The statement of cash flow shows how a company spends its money (cash outflows) and from where a company receives its money (cash inflows). The cash flow statement includes all cash inflows a company receives from its ongoing operations and external investment sources, as well as all cash outflows that pay for business activities and investments during a given quarter. In this article, we'll explain the cash flow statement and how it can help you analyze a company for investing.
Why the Cash Flow Statement is Important
There are two forms of accounting: cash and accrual.
Accrual accounting is used by most public companies and is the accounting method where revenue is reported as income when it's earned rather than when the company receives payment. Expenses are reported when incurred even though no cash payments have been made.
For example, if a company records a sale, the revenue is recognized on the income statement, but the company may not receive cash until a later date. From an accounting standpoint, the company would be earning a profit on the income statement and be paying income taxes on it. However, no cash would have been exchanged. Also, the transaction would likely be an outflow of cash initially, since it costs money for the company to buy inventory and manufacture the product to be sold. It's common for businesses to extend terms of thirty, sixty, or even ninety days for a customer to pay the invoice. The sale would be an accounts receivable with no impact on cash until collected.
Analyze Cash Flow The Easy Way
Cash accounting is an accounting method in which payment receipts are recorded during the period they are received, and expenses are recorded in the period in which they are actually paid. In other words, revenues and expenses are recorded when cash is received and paid, respectively.
A company's profit is shown as net income on the income statement. Net income is the bottom line for the company. However, because of accrual accounting, net income doesn't necessarily mean that all receivables were collected from their customers.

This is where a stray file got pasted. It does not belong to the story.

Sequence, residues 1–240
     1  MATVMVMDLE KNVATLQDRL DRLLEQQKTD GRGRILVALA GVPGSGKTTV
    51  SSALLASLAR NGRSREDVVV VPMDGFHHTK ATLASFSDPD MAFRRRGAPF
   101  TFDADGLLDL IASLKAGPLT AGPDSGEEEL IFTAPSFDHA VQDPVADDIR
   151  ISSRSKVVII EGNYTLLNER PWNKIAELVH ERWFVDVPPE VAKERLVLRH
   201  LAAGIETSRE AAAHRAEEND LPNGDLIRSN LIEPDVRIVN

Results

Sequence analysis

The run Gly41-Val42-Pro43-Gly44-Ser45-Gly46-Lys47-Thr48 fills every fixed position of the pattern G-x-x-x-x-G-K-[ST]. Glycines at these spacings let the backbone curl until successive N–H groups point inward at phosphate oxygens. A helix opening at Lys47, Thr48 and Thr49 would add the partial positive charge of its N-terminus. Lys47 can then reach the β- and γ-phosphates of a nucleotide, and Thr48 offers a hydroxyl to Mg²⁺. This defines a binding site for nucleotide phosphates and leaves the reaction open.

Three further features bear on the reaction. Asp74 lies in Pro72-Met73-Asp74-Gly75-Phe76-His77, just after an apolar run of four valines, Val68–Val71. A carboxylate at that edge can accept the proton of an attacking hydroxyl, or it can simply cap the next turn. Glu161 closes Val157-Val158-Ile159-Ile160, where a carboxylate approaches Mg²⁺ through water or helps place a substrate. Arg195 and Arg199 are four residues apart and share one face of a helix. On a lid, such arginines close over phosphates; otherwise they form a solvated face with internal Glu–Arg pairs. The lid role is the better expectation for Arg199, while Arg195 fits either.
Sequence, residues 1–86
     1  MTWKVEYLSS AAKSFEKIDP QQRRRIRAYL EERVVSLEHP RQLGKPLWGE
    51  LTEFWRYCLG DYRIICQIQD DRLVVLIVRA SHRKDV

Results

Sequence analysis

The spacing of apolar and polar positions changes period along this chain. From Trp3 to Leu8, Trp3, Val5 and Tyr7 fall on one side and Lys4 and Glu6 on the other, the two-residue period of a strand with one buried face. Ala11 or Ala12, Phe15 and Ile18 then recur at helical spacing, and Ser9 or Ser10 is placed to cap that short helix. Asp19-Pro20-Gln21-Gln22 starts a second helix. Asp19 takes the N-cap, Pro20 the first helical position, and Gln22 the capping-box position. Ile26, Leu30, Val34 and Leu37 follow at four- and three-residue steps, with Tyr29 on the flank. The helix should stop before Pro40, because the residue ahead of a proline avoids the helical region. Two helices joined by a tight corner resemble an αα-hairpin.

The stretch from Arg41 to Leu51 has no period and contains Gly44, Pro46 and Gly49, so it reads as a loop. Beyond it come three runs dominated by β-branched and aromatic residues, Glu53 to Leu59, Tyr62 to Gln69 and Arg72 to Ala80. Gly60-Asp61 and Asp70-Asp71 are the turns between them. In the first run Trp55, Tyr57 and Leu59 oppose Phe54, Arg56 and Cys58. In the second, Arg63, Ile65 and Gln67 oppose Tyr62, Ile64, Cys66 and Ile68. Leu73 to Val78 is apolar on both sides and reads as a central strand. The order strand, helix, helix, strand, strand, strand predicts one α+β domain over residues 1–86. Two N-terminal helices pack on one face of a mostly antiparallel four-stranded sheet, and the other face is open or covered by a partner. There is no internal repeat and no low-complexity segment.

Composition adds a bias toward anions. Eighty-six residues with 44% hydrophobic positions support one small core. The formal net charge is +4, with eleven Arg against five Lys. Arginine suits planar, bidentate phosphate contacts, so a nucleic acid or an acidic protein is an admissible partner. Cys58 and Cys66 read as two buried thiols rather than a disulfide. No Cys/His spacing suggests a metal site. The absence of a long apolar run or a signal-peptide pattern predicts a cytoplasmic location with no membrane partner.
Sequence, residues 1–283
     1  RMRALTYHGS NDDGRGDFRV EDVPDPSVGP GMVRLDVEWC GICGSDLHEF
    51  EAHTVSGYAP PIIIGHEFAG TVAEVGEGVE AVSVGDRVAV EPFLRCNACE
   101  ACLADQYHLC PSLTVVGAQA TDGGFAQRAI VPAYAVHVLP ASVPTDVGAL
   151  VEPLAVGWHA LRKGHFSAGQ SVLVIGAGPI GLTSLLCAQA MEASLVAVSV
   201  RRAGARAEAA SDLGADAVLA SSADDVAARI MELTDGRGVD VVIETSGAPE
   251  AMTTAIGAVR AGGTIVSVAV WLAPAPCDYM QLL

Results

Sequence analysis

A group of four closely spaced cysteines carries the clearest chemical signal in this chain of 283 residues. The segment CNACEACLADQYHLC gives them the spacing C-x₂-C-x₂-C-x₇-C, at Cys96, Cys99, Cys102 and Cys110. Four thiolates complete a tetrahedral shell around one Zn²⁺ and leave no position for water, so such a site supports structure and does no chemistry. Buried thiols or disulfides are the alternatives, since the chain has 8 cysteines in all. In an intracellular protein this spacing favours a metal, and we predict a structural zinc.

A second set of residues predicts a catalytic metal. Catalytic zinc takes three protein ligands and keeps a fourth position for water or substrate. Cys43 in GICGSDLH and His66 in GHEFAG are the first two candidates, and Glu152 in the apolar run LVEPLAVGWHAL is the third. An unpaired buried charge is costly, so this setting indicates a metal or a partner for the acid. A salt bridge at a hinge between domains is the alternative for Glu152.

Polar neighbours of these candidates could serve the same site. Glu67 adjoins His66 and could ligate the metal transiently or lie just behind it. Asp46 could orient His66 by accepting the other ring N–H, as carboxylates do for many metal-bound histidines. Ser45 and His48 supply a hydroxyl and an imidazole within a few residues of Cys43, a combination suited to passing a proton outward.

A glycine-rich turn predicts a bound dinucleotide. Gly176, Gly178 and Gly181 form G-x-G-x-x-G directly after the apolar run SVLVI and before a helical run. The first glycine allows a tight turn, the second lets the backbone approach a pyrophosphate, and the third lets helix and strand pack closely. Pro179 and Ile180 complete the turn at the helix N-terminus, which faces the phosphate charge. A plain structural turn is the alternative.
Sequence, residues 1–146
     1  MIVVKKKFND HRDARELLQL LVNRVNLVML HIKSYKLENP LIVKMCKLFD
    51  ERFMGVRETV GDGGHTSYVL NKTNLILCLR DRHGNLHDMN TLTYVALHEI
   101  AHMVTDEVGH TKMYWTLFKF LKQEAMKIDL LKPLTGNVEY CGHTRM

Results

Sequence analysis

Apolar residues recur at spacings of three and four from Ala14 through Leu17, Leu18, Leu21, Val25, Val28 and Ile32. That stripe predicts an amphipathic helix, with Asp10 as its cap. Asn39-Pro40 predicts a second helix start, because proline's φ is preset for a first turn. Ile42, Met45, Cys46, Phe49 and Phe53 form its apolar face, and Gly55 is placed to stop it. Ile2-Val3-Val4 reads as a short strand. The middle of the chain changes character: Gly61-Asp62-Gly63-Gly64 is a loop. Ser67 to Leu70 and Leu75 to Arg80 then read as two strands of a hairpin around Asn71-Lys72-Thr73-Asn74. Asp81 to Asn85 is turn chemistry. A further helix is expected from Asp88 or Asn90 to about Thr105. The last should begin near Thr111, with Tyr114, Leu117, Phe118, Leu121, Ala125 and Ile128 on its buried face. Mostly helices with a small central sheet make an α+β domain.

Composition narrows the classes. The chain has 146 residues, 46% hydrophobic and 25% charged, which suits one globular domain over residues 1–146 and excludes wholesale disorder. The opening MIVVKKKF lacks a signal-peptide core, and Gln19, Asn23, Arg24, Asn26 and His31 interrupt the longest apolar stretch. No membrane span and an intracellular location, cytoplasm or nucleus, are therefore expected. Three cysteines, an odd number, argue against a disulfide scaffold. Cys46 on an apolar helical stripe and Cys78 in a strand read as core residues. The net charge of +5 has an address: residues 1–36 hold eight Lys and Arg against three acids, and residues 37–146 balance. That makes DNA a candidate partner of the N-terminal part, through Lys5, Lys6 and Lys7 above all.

From an accounting standpoint, the company might be profitable, but if the receivables become past due or uncollected, the company could run into financial problems. Even profitable companies can fail to adequately manage their cash flow, which is why the cash flow statement is a critical tool for analysts and investors.
Cash Flow Statement
A cash flow statement has three distinct sections, each of which relates to a particular component – operations, investing and financing – of a company's business activities. Below is the typical format of a cash flow statement:
Cash Flow from Operations
This section reports the amount of cash from the income statement that was originally reported on an accrual basis. A few of the items included in this section are accounts receivables, accounts payables, and income taxes payable.
If a client pays a receivable, it would be recorded as cash from operations. Changes in current assets or current liabilities (items due in one year or less) are recorded as cash flow from operations.
Cash Flow from Investing
This section records the cash flow from sales and purchases of long-term investments like fixed assets that include property, plant, and equipment. Items included in this section are purchases of vehicles, furniture, buildings, or land.
Typically, investing transactions generate cash outflows, such as capital expenditures for plant, property and equipment, business acquisitions and the purchase of investment securities. Cash inflows come from the sale of assets, businesses, and securities. Investors typically monitor capital expenditures used for the maintenance of, and additions to, a company's physical assets to support the company's operation and competitiveness. In short, investors can see how a company is investing in itself.
Cash Flow from Financing
Debt and equity transactions are reported in this section. Any cash flows that include payment of dividends, the repurchase or sale of stocks, and bonds would be considered cash flow for financing activities. Cash received from taking out a loan, or cash used to pay down long-term debt would be recorded in this section.